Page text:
With hospitals overwhelmed, pregnant women left with no care or place to give birth
Pregnant women, especially those about to give birth, are the worst hit by the ongoing lockdown as well as overwhelmed health care systems.
Last week, a 35-year-old woman from north-east Delhi’s Janta Mazdoor Colony started frantically calling the ASHA (accredited social health activist) when her labour pains started. When she couldn’t through to any worker, she went to the maternity clinic where her antenatal check-up had been done, but that was closed for the day when she got there.
She was told to go to Kasturba hospital, about 6km away. “She did not know how to get there and she was already in a lot of pain. So, she decided to call a midwife home. She gave birth to a baby boy, who died soon after,” said Sulekha Singh, a health activist, who helped the woman take her baby to Chacha Nehru Bal Chikitsalay afterwards.
Pregnant women, especially those about to give birth, are the worst hit by the ongoing lockdown as well as overwhelmed health care systems. With health care workers in several hospitals testing positive for the Covid-19, many women are no longer able to visit the hospitals that provided them antenatal care. While some are forced to travel to far-off hospitals, and brave the risk of a coronavirus infection, others have no option but to birth at home.
Three days ago, a woman from Jahangirpuri did not know where to go when she thought she was having labour pains because the hospital she used to go to – Babu Jagjivan Ram Memorial Hospital – was closed after 75 health care workers tested positive for Covid-19.
The police helped her reach Deep Chand Bandhu hospital where she was told there was still time for her to go into labour and was asked to go home. “Doctors from Deep Chand Bandhu hospital asked her to go to Ambedkar hospital for the delivery, which is closer to her place. But, we had not taken her there earlier as the gynaecology department was closed a day ago because someone had tested positive for Covid-19. The situation keeps changing daily and we have no idea where to take the women,” Singh said.
One of the city’s biggest maternity centre -- Kasturba hospital near Jama Masjid – does not allow in patients from containment zones with fever, cough or sore throat.
“There are several containment areas around the hospital, but if anyone from these areas comes to us with even a mild fever or sore throat, we do not admit them because they are likely to have Covid-19. We refer them to Covid-19 hospitals,” a doctor from the hospital, on condition of anonymity, said.
This problem was highlighted when a 25-year-old woman from Nizamuddin Basti – which was declared a containment area after 2,300 Tablighi Jamaat members were evacuated from the Markaz complex -- was turned away from Safdarjung. She was referred to Lok Nayak hospital, which denied her admission because she was not Covid-19 positive. She visited at least six hospitals and maternity clinics in the span of 48 hours before finally giving birth outside All India Institute of Medical Sciences.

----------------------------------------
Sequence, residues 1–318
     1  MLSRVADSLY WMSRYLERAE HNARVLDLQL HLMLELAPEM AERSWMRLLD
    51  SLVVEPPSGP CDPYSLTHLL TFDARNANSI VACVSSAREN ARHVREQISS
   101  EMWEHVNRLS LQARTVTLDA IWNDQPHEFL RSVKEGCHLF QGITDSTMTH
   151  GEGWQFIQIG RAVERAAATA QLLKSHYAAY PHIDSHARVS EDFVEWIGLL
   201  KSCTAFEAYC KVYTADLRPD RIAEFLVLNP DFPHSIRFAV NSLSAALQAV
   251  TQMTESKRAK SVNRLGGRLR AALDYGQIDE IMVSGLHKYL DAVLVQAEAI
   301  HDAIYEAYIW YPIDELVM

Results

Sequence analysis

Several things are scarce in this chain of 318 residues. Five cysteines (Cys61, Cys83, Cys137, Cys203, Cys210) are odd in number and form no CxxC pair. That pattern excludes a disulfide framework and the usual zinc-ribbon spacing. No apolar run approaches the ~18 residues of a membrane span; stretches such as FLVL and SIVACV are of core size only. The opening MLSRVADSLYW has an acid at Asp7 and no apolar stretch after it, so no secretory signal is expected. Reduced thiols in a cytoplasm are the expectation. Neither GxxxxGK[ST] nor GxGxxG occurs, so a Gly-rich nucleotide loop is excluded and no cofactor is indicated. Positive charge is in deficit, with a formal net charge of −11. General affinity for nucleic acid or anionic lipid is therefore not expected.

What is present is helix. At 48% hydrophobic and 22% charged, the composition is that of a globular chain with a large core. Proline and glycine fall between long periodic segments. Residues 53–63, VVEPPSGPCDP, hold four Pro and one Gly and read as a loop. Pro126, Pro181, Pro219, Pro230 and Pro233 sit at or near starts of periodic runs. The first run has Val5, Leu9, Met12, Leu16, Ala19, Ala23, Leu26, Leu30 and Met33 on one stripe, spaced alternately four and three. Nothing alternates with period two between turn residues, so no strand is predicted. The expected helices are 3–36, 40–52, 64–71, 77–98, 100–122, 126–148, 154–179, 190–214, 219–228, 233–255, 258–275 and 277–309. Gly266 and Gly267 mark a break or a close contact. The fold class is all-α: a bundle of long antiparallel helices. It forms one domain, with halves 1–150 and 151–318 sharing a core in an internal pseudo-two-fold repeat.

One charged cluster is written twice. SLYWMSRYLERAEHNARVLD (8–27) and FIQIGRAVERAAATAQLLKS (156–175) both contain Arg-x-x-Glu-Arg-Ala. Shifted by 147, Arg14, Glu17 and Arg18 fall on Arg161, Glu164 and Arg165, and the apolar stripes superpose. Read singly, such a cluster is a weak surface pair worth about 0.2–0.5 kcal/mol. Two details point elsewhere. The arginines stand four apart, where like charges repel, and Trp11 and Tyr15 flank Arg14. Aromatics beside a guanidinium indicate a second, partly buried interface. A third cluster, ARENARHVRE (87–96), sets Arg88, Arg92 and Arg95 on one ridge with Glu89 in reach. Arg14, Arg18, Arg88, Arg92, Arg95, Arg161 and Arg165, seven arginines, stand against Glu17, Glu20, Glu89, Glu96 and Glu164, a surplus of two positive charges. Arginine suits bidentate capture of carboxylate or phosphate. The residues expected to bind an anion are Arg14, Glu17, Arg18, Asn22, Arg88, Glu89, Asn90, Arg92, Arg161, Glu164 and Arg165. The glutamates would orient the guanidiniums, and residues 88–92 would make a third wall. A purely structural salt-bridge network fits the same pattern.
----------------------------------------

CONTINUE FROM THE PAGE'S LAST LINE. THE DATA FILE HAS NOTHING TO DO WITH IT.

This case was referred to in a public interest litigation by an organisation called SAMA in the Delhi high court. Responding to the plea, the Delhi high court had ordered, “The Union of India and the Government of National Capital Territory of Delhi shall work in tandem to make sure that no barriers are faced by pregnant ladies and their family members residing in hot spots during the lockdown.”
The busiest gynaecology department in Delhi, at Safdarjung hospital, which sees about 110 deliveries a day, is now creating a separate space for Covid-19 positive deliveries in the super specialty block where it houses other people with Covid-19.
“For now, our labour rooms have been divided into non-Covid and suspected Covid. But, yes, women have been facing problems since the lockdown. Many smaller nursing homes and maternity hospitals are not functioning now. Also, earlier, the bigger hospitals used to accommodate more than one patient on each bed. That is not possible now, because we have to follow social distancing norms,” a doctor from Safdarjung hospital’s gynaecology department said.
That is the reason why doctors at Lal Bahadur Shastri hospital in Khichripur say that there has been a surge in the number of maternity cases at the hospital ever since the lockdown, especially in the last two weeks.
“We usually used to get 20-odd maternity cases daily. But now we are getting about 30-40 cases daily. We have got some maternity cases that were earlier undergoing routine checkups at big hospitals,” a senior doctor, on condition of anonymity, said.
However, all this flies in the face of Delhi government orders. It has directed all clinics, hospitals and nursing homes, including private ones, to remain open for the treatment of non-Covid patients. The hospitals have been threatened with cancellation of licence if not complying with the order.
Hospitals have been asked not to refuse treatment to anyone and ensure pregnancy deliveries, haemodialysis, blood transfusion, chemotherapy, treatment of chronic as well as communicable diseases, such as TB and leprosy.
With inputs from Risha Chitlangia